8 tips to improve CNC plasma cut quality

By Hypertherm
Posted on 30/01/2019 in SPARK the blog, Plasma cutting

Though Hypertherm’s Technical Service Team is happy to troubleshoot issues and provide guidance, customers can often achieve better cutting outcomes on their own by running through the following questions:

1. Are you cutting in the right direction? With standard consumables, the plasma arc spins clockwise as the torch moves forward into the cut. The squarest cut angles will be on the right side of the arc. As a result, contour shapes are cut in a clockwise direction, while with internal features, the torch needs to travel in a counter-clockwise direction. Check and adjust the cutting direction, if needed

2. Are you following the cut charts? Refer to the cut charts in your system manual and select the appropriate process for your cutting application. Select the appropriate process for material type, material thickness, desired cut quality, and productivity goals. Based on these factors, the cut charts will list the consumables needed, with the appropriate plasma and shield gases. In addition, the cut parameters will list the appropriate gas pressures (or flow rates), torch-to-work distance, arc voltage, and cutting speed.

3. Are you using good consumables? Do a visual check to see if consumables are worn, dinged, or damaged. These are precision parts so any type of surface imperfections can impact system performance. Replace consumables when needed. Be sure to lubricate o-rings when changing consumables, but do not over-lubricate because that will impact system performance as well. Though less common, we also sometimes discover customers who have inadvertently received and put the wrong consumables in the torch. If you continue to have issues, we suggest ensuring the part numbers on your consumables match the numbers found in your owner’s manual.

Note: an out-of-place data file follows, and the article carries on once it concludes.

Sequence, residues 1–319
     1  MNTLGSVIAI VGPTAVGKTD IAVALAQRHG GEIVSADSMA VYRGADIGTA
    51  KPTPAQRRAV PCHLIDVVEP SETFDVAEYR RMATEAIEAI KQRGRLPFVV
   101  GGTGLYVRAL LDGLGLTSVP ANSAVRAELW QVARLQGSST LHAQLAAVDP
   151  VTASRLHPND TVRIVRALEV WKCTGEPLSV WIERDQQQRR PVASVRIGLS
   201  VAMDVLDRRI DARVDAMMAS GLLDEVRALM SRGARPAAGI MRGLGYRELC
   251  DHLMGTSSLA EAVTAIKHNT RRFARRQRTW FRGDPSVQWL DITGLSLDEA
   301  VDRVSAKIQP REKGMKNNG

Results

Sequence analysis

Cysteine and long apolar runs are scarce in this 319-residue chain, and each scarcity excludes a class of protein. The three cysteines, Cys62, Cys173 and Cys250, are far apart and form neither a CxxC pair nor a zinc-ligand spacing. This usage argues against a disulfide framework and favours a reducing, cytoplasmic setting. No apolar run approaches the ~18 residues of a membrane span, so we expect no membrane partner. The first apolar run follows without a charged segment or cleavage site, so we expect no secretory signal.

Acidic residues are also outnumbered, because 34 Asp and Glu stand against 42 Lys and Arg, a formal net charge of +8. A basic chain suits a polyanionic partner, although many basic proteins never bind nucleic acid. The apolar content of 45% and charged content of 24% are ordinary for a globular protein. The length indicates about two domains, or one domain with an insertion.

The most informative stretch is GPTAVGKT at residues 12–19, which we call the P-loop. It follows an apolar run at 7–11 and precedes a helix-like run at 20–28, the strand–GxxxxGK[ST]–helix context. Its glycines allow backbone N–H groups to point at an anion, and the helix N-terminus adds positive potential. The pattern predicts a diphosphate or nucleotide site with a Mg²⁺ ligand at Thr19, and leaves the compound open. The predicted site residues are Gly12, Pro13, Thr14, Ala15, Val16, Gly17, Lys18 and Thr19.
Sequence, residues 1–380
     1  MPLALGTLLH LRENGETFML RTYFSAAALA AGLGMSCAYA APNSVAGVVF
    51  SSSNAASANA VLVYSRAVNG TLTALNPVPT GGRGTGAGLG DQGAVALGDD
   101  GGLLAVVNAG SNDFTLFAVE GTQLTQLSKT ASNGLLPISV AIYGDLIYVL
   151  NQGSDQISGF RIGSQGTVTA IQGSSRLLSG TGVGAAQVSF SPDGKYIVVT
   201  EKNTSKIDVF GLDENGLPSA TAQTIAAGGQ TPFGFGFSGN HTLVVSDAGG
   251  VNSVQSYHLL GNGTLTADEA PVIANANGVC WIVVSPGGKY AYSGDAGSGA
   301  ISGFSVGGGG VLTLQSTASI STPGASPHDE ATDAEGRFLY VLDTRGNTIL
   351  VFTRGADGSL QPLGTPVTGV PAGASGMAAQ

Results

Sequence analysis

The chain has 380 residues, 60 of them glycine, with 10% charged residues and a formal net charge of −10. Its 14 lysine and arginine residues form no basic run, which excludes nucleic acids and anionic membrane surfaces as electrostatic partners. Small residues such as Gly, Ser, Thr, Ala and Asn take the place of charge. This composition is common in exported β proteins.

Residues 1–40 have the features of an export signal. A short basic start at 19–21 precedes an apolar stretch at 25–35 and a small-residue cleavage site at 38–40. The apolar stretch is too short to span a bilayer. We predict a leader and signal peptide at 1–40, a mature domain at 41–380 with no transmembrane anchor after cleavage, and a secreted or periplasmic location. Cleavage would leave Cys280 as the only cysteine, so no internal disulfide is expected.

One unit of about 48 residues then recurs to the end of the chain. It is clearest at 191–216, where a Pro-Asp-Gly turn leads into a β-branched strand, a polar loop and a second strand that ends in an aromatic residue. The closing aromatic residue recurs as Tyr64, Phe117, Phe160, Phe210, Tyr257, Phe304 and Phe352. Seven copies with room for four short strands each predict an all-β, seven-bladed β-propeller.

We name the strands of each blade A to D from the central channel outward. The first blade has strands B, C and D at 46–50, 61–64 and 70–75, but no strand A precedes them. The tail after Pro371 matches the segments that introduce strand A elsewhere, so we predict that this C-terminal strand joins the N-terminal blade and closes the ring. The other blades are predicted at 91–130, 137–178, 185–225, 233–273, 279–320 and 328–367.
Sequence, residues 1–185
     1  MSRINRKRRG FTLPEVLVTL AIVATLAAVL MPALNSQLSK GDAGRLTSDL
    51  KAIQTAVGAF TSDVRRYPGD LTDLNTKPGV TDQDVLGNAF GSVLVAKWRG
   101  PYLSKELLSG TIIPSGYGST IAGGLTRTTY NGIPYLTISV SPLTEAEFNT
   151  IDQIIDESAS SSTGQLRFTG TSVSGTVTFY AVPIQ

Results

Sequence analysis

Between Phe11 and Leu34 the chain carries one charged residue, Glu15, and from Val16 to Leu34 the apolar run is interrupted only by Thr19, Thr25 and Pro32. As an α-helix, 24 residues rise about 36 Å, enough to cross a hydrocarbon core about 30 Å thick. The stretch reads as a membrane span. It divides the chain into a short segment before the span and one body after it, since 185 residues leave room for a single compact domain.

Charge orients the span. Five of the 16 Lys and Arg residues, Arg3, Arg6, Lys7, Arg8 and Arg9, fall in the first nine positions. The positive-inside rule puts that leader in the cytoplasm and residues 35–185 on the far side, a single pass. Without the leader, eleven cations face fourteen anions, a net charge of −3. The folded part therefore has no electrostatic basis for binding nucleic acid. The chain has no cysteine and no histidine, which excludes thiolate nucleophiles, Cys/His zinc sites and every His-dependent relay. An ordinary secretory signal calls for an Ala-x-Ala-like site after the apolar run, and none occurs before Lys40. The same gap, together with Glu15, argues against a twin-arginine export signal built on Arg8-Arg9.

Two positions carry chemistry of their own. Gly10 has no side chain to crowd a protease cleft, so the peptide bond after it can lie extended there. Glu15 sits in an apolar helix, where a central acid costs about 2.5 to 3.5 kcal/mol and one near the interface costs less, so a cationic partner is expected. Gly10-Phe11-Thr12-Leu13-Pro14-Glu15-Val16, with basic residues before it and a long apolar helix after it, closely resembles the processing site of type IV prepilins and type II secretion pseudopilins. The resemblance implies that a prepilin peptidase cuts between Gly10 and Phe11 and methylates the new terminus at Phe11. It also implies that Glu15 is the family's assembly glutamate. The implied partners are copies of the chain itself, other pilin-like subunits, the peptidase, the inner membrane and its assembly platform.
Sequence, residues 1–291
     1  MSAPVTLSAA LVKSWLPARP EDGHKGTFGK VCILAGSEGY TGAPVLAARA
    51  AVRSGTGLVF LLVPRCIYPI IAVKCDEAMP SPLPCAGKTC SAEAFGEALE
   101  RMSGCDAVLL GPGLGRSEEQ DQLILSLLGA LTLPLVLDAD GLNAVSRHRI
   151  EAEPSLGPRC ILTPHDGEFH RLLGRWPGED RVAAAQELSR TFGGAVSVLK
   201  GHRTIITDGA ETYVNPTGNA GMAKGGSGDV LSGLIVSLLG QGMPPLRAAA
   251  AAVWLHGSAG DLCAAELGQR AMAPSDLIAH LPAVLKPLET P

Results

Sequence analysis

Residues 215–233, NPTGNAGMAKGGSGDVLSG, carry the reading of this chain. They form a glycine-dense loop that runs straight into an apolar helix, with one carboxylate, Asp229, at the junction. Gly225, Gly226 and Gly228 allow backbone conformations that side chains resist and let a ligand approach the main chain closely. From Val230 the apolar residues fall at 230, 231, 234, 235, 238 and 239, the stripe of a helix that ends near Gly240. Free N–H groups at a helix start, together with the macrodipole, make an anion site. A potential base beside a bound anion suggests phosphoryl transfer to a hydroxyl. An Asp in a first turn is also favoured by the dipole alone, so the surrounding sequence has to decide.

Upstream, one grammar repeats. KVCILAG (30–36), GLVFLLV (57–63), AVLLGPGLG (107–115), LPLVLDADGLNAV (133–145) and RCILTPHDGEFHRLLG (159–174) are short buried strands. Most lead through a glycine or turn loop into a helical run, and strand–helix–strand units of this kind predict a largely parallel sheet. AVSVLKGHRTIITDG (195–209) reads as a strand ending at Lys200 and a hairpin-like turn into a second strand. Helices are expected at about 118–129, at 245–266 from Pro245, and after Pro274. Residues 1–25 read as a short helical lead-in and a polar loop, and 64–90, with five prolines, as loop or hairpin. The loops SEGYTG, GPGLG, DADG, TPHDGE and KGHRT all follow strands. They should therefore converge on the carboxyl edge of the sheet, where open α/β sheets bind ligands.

4. Is your torch square to the workpiece? Check to see if the table and the workpiece are level, before squaring your torch to the workpiece. Keep in mind that if the metal is bent or warped, it might be impossible to square the torch and you might need to accept less than ideal cut quality.

5. Are you holding the right torch to work distance? Sometimes referred to as a “stand-off”, you’ll want to ensure your torch isn’t too close or far from the workpiece as this will cause angled and rounded cut edges. In addition, if the torch is too close, metal spatter blowing back onto the torch can seriously damage your torch and nozzle. Lastly, don’t forget to routinely adjust the torch to work distance as your consumables wear.

6. Are you cutting at the right speed? Dross is a great visual clue that lets you know if your cut speed is too fast or too slow. Low-speed dross is the bubbly or globular molten material that collects at the bottom of the cut edge. This kind of dross is easy to remove and flakes off the plate. To eliminate it on future parts, cut faster. On the contrary, high-speed dross causes a thinner bead of molten metal to collect at the bottom of the cut. Unfortunately, high-speed dross is harder to remove and so requires grinding. The solution is simple though. Reduce your cutting speed to give the arc time to catch-up with the speed of the torch.

7. How is your air or gas quality? If using an air plasma, make sure your air is clean and dry. The same applies to your gas when using an oxygen or multi-gas system. Always use pure, high-quality gas and the appropriately sized regulators and gas lines. If a manual purge is required, confirm that the purging cycle was completed. Check to see if the gas is leaking, or if the flow is restricted. Consult your gas distributor for help if needed.

8. Does your table need a tune-up? Is the table cutting at the specified speed? Is the torch secured tightly to the table gantry? How is your table motion? Is it vibrating? Often, plasma cutting issues have nothing to do with the plasma itself and instead are caused by poor motion or other table issues. If you’ve run through the preceding seven questions and are still having issues, this could very well be the cause, in which case you should consult your table manufacturer.